Play 101

June 24, 2024

Pups at Play 

                     

 

I think I speak for the average dog parent when I say that there are few things in life quite like the joy of watching our dogs play.  But what is play? How do we define it? There are many definitions for play; the simplest definition from Oxford is “an activity engaged in for enjoyment and recreation.” However, science suggests that it is more than an activity, it is a state of mind – a kind of non-reality not unlike dreaming.1  While Play can be tricky to define, it can be easy to recognize.  Let’s take a closer look at what play looks like for dogs and puppies. 

Environment plays a key role in play.  Before play can happen, one needs to feel safe.  Play often involves the rehearsal and role play of more serious behaviors.  For example, dogs will chase (hunt) and be chased in turn.  The latter puts them in a vulnerable position, so trust and security are paramount to being able to relax and have fun.  Dogs and puppies usually need to discover new environments at their own pace before deciding it’s safe to play. Luckily, the presence of other dogs playing often signals that the environment is indeed safe.  At Paws4Training we offer a safe environment for your puppy to play and thrive! 

Fun Fact: Dogs foremost form of communication is body language.  Because they’re so adept at reading even the most subtle shifts in body language, they frequently prefer to pair up and play 1 on 1.  It can be hard to read those subtle cues as more dogs get involved. 

Ok, let’s play! There are some key behaviors and body language that can tell you your dog is having fun. 

Loose, bouncy movement bodies are curved and relaxed, movement is bouncy, exaggerated, and inefficient.  Dogs may mimic predation or aggression responses but there is no tension or threat. Play bites are usually wide-mouthed and should be gentle. 

Role reversals and self-handicap- healthy play involves role reversals and self-handicapping, or at least the opportunity for it to happen.  This might look like two puppies wrestling and taking turns being on top (victor) and bottom (letting their friend be the victor)- role reversal- or a big dog lying down to play with a small dog on the smaller dog’s level – self-handicap. The level to which these behaviors happen varies from each individual dog and circumstance, but they are great indicators that happy play is happening.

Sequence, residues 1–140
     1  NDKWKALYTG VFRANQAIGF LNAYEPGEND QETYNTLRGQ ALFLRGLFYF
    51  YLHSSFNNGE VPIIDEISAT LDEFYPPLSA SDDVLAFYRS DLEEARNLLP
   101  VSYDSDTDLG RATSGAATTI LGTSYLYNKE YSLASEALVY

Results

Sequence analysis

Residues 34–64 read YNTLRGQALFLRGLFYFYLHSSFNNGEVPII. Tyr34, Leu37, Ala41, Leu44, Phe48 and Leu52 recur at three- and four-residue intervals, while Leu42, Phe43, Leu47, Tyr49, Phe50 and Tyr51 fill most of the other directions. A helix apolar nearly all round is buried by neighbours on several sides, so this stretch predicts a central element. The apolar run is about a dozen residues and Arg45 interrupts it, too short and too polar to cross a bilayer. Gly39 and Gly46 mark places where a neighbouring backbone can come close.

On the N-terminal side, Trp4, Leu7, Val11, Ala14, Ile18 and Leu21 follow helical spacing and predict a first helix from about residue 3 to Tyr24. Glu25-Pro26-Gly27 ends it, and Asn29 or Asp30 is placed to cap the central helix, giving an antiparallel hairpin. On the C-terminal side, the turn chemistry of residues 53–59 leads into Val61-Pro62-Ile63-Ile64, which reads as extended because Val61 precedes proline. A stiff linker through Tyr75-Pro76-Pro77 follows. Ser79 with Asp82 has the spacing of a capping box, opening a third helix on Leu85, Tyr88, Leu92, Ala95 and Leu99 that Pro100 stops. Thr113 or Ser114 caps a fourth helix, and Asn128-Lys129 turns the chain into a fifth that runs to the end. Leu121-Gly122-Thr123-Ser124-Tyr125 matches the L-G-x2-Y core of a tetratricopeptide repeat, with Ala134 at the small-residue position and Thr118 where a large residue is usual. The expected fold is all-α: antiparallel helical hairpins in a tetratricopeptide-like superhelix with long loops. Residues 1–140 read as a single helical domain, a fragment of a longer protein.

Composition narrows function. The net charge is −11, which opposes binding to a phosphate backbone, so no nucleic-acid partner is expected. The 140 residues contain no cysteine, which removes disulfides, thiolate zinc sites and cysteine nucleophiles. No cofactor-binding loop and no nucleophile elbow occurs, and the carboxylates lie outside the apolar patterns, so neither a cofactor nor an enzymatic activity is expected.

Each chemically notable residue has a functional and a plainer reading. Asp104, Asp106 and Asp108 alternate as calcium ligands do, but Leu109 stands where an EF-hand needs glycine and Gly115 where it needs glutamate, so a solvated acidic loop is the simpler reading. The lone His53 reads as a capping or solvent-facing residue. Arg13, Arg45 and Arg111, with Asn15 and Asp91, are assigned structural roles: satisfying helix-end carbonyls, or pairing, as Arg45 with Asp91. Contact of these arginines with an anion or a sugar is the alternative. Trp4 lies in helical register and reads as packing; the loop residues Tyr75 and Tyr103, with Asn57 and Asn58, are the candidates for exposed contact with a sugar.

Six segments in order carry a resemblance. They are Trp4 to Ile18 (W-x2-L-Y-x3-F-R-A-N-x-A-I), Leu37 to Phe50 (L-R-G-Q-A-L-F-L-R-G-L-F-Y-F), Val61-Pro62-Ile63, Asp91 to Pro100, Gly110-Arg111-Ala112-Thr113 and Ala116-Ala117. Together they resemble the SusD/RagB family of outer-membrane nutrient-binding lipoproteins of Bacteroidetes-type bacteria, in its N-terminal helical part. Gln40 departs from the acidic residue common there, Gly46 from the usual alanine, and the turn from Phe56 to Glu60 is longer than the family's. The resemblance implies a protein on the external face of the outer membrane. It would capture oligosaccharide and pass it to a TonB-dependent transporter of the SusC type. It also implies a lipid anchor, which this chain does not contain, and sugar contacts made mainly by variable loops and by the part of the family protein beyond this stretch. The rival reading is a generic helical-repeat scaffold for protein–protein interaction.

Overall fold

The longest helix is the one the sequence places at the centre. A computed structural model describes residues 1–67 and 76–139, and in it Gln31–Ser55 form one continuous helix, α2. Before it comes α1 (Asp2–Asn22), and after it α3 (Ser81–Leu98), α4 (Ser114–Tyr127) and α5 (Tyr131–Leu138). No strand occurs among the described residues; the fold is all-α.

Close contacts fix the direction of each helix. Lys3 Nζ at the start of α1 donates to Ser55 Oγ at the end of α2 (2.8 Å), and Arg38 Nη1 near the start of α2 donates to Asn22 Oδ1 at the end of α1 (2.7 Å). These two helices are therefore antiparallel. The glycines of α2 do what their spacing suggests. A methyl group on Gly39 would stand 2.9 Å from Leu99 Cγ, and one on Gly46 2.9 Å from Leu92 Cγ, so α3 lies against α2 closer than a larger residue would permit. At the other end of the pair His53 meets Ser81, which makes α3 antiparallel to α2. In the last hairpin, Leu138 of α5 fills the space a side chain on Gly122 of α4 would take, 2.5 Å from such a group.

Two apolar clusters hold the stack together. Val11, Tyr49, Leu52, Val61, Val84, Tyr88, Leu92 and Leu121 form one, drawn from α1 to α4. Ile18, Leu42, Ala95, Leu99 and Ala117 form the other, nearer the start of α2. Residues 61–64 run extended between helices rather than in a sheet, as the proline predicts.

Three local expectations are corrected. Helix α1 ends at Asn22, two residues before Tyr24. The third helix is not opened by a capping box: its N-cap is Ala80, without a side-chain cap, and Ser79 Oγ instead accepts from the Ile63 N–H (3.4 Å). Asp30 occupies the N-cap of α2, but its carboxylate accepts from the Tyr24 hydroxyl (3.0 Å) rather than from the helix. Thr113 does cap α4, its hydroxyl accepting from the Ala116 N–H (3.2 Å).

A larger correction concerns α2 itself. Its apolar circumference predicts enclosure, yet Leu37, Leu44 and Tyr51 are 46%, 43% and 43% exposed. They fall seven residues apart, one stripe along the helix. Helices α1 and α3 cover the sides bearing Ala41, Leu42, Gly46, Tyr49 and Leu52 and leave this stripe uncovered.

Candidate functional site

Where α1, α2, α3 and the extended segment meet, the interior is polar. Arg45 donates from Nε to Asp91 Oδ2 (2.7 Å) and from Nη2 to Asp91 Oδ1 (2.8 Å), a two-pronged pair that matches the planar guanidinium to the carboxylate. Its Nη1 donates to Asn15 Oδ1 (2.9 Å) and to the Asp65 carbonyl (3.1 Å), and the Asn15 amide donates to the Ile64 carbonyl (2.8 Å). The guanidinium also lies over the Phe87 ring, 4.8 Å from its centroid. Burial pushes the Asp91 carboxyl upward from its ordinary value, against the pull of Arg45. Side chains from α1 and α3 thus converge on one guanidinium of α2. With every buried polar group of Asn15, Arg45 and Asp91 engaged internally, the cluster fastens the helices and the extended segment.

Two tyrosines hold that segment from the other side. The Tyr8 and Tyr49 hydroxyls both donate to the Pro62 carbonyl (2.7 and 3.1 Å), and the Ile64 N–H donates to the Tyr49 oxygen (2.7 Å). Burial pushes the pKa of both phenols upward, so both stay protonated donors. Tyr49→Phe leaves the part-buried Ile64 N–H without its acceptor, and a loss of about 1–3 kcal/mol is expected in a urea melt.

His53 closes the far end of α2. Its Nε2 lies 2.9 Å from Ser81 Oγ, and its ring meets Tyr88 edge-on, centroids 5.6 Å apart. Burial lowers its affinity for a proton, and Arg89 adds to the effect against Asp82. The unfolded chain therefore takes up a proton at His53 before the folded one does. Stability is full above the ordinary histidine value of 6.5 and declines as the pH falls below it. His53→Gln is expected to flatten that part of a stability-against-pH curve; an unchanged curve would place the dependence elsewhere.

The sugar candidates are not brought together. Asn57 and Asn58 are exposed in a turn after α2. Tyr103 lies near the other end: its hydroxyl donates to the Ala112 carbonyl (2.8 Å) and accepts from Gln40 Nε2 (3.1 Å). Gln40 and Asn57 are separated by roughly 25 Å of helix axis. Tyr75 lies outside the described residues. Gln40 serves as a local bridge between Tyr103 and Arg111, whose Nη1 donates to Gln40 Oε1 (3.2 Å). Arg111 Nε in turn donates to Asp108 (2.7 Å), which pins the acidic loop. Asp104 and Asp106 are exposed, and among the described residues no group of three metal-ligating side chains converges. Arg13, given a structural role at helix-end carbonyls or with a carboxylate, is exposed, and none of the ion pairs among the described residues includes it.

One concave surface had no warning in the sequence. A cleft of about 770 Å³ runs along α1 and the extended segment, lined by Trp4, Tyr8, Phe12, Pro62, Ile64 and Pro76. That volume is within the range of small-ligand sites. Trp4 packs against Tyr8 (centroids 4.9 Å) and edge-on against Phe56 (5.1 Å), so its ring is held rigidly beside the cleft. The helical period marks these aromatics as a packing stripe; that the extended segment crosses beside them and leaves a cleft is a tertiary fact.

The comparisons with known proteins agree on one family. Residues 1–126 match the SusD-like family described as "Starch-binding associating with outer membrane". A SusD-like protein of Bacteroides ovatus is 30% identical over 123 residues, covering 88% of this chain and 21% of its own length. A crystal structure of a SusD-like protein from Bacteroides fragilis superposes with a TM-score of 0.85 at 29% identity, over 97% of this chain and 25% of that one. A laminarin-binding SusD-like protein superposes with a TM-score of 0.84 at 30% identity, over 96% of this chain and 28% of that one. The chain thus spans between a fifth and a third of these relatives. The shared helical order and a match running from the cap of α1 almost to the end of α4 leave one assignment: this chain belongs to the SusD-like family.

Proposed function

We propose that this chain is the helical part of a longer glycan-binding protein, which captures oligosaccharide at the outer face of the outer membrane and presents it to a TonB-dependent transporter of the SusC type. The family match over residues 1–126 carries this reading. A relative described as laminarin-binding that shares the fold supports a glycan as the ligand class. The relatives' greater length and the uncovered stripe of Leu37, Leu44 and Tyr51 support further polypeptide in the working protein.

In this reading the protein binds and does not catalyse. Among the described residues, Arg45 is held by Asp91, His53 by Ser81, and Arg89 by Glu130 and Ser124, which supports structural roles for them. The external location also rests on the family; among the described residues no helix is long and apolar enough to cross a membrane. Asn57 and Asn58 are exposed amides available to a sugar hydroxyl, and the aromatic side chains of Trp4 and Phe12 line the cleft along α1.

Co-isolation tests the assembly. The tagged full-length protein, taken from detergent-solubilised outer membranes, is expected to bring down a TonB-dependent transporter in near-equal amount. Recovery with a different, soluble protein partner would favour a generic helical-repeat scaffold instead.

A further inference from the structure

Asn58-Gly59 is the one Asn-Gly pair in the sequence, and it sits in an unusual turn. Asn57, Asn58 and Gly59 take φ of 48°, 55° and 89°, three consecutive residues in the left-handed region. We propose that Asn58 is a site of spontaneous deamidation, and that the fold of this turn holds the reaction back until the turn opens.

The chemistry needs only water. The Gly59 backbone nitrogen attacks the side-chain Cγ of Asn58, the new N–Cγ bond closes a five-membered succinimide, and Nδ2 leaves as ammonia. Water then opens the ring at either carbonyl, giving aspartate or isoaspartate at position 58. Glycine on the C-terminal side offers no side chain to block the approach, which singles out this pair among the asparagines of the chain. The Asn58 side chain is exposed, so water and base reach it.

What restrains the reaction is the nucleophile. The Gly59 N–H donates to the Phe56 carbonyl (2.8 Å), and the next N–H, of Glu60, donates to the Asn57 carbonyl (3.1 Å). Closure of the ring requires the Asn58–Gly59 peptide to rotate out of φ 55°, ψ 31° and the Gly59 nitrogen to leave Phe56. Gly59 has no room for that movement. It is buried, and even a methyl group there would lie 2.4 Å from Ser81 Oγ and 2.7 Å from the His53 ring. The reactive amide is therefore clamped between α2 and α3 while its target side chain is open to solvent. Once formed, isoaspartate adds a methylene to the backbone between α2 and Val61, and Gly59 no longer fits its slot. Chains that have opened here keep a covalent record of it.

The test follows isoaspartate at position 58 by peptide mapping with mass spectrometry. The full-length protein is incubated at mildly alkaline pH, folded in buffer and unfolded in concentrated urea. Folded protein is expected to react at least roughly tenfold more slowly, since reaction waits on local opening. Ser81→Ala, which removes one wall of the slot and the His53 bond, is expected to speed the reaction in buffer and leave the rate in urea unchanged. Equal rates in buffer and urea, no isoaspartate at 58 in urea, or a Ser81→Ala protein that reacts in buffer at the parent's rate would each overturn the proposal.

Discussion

Cutoff signals and displacement behaviorsthese signals are used to help diffuse high-arousal situations.  They are a dog’s way of saying, “I need a break” or “that’s a bit much for me” or maybe as a check in, “I’m still having fun, are you?” These signals include shake offs, sneezing, play bows, turning away, sitting or lying down, yawning, nose licking or tongue flicks, sniffing, and other behaviors used out of context to diffuse building excitement.  Puppies learn these signals from their mother and litter and playmates, much like a young child learning language for the first time. Different dogs display different cutoff signals, so for most puppies the more opportunities they have to learn from diverse playmates, the more complete and well-rounded their understanding of these signals will be. 

 

 

Acquired Bite Inhibition (ABI) ABI is the learned knowledge of how hard is appropriate to play bite. A puppy’s first and best teachers of ABI are their mother and littermates. They continue to learn through play, especially with other puppies, until their adult teeth come in around 18-20 weeks of age at which time their ABI is set for life.  A soft ABI is crucial to happy play later in life, so it’s recommended to give puppies plenty of opportunities to play and socialize.  Paws4Training is here to help you with that! 

What isn’t play? 

Now that we’ve covered what play looks like, let’s touch on what isn’t play. It’s important to know what to look out for and what you can do to de-escalate, or better yet prevent these situations.  

Tight, tense bodies with quick and efficient movements.  There is a seriousness to the threat – basically the opposite of the loose and bouncy movements of play. Hunkering, freezing, moving away, growling or snapping are all ways a dog might ask for space. 

One-sided.  If one dog is tenacious in their attempts to play, but the recipient is showing discomfort – moving away, whale-eyed, cornered, stiff, tight-mouthed, or other signs mentioned above, it is NOT play. The “playful” dog is ignoring the other dog’s cues.  Use recall to call the tenacious dog away or remove one or both dogs from the environment. 

Resource guarding.  Some puppies develop resource guarding tendencies – for example they growl and/or snap at anyone who tries to take their toy. To help prevent this, train drop it and practice doing trades with other fun items away from other dogs and distractions. It’s also wise to remove toys/resources from group environments until puppy understands that sharing is fun! 

Dogs are one of a handful of species that continue to play into adulthood, along with many primates including humans, corvids and parrots, dolphins, otters, bumblebees, and others. Play has been scientifically shown to release endorphins, dopamine, oxytocin, serotonin, and other feel-good chemicals, it’s no wonder that dogs play as much as they do.  The release of these chemicals also impacts learning – the better we feel, the more easily we learn! Paws4Training offers the perfect union of play and learning for you and your pup.  Come check us out, your puppy will thank